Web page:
BOLLING: So, both Comey and Rogers both said it didn't have any effect on any votes, none whatsoever. It's been going on for decades. It didn't affect the outcome of the election and yet the left is just all in on this story, and that's great. That's fantastic.

But where are they on things that may have had an effect on the election or the outcome? Things like when Donna Brazille leaks the questions to a town hall debate prior to the town hall debate, and that's all we know about it. There could've been a whole lot more going on but they don't seem to be focused on things like that or worry about--

GUTFELD: And that's potentially bigger or bigger effect.


PERINO: Bernie Sanders town hall.

GUTFELD: Bernie Sanders could have been the nominee I think.

WILLIAMS: A Bernie Sanders town hall versus a foreign government interfering in an election.

GUTFELD: I'm just saying --


BOLLING: The FBI and the NSA have already said it had no effect on election results and no effect on both.

WILLIAMS: This is not -- that's not -- no, it said it had no effect in terms of the voting machines, Eric, but in terms of the election.

BOLLING: -- the results.

WILLIAMS: No, they didn't say that because how can you say that? They haven't finished the investigation, one. But two, the whole issue of honesty, trustworthiness for Hillary Clinton is huge and remember, we didn't have a similar stream of information coming out of the Trump side. It was a one-sided event.

What strikes me here is, you know, I just worry about confidence, you know, it's just not the role I play on this show to be worried about Donald Trump, but I'm just telling you that his -- I think confidence in him in the midst of crisis, I think that's why Devin Nunes said to Jim Comey yesterday, "let's get this over as quickly as possible."

And I think you hear people saying, you know, we don't know what's going to come. The collusion argument is part of it but also what about failure to sound an alarm when you knew something was going on if you're Carter Page, if you're Jeff Sesssions?

BOLLING: Where was the alarm, Juan, where was the alarm from Hillary Clinton's camp or campaign or Hillary herself say, you know, I can't -- I don't want to know these questions in advance. This is not right. This is unethical.

WILLIAMS: Are you comparing this to Russia's involvement?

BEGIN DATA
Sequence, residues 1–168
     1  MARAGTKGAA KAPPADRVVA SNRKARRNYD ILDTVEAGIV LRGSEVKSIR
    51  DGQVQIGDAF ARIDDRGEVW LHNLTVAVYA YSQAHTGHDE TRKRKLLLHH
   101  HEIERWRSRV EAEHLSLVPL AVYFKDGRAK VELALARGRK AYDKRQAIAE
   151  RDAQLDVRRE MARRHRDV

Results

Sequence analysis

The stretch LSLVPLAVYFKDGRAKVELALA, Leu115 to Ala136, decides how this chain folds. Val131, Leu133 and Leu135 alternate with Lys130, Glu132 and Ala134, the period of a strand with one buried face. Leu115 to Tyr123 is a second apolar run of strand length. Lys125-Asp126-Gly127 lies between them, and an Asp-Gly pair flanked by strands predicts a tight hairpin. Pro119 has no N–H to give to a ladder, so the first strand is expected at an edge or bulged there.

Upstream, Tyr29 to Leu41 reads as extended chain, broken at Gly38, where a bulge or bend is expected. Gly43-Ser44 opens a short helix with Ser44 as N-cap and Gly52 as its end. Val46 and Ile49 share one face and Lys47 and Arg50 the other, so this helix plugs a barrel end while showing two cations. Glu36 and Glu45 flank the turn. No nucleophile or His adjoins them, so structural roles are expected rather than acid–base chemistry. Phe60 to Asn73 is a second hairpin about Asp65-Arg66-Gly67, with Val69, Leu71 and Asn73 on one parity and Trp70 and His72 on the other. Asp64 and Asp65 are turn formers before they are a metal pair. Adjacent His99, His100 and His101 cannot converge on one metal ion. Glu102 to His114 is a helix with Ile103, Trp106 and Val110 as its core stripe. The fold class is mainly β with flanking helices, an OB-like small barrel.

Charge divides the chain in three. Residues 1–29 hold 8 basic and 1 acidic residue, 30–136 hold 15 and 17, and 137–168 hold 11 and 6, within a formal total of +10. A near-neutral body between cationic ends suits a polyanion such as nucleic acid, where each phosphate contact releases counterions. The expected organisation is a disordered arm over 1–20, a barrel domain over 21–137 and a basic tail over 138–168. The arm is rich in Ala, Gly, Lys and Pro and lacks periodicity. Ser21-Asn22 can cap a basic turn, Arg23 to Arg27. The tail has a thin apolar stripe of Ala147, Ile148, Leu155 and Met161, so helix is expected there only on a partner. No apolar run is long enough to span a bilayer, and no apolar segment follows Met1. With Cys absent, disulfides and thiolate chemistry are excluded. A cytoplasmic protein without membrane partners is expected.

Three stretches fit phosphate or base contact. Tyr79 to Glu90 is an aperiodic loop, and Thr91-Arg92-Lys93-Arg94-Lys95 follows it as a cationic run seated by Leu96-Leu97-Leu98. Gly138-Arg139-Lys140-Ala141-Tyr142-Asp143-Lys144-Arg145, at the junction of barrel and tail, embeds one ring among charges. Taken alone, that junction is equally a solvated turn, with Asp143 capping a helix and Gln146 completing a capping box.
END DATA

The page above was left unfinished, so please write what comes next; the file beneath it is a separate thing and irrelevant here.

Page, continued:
BOLLING: No, I'm comparing the outrage the left has for --

WILLIAMS: Oh my gosh.

BOLLING: -- you're saying you're losing confidence in the president.


BOLLING: But where is the confidence lost in Hillary Clinton when she did not push back against getting those questions?

WILLIAMS: Let me just say Hillary Clinton is not the president of the United States. If we get involved with North Korea, if we get involved in dealing with Russian aggression, Ukraine, I don't have to worry about Hillary Clinton at this moment. Donald Trump is my president.

BOLLING: You have the right to be concerned about it.


WILLIAMS: Hang on. If he is lying -- if he is lying and it's being said by the head of the CIA, the FBI, and now the NSA, this guy just told you a lie about something like this, and just like, oh, my gosh.

GUILFOYLE: Oh, my gosh. When we return, we will analyze the latest developments from day two of Supreme Court nominee Judge Neil Gorsuch's senate confirmation hearing. Please stay with us.


PERINO: On day two of his confirmation hearing, Supreme Court nominee Neil Gorsuch has been grilled by senators trying to get to the bottom of his views on a variety of a hot button cases. Judge Gorsuch has responded with a consistent answer. His job is to follow the law and set aside his personal beliefs.


NEIL GORSUCH, SUPREME COURT JUSTICE NOMINEE: I can tell you that when I go home and take off the robe, I'm not a human being that I don't think about some of those cases. But my job is to apply the law as fairly as I can in each and every case without respect of persons. That's my oath. There's not every law in the book I love, you love, I'm sure of that, but my job isn't to write the laws. It's to apply the laws.


PERINO: Judge Gorsuch also vows to not be swayed by political pressure if he is confirmed to the high court.


SEN. ERNEST GRASSLEY (D), IOWA: Describe in any way you want to what judicial independence means and specifically tell us whether you would have any trouble ruling against a president who appointed you.

GORSUCH: So that's a softball, Mr. Chairman. I have no difficulty ruling against or for any party other than based on what the law and the facts in a particular case require. There is no such thing as a Republican judge or Democratic judge. We just have judges in this country.


PERINO: All right, so basically that hearing has gone on for hours and it is still ongoing and I would say, Greg, that the Democrats are trying to find some way to lay a glove on him but can't figure that out.

GUTFELD: That's a great metaphor. You know what it's like, it's like a high school dance and the inquisitors they're like trying to cop a feel and he's always like knock it off. Knock it off. He's always like -- he's like -- the whole. That's the point --

GUILFOYLE: -- maniac.

GUTFELD: The sharpness of a question has to be like the inversely mirrored by kind of the evasiveness of the answer. So the more -- the harder you hit, the more you have to have like a smooth facade so you can't get anywhere with him. But he's such a goofy dad. It's like he is born to embarrass his kids with that weird jokes that he always try to be -- no, it's very likable. He's kind of dorky.

GUILFOYLE: He's kind of green acres (ph).

PERINO: From a legal point of view, Kimberly, you had to be impressed.

GUILFOYLE: I find him legally compelling.


GUILFOYLE: I do. I do.

GUTFEDL: Legally compelling with Kimberly Guilfoyle.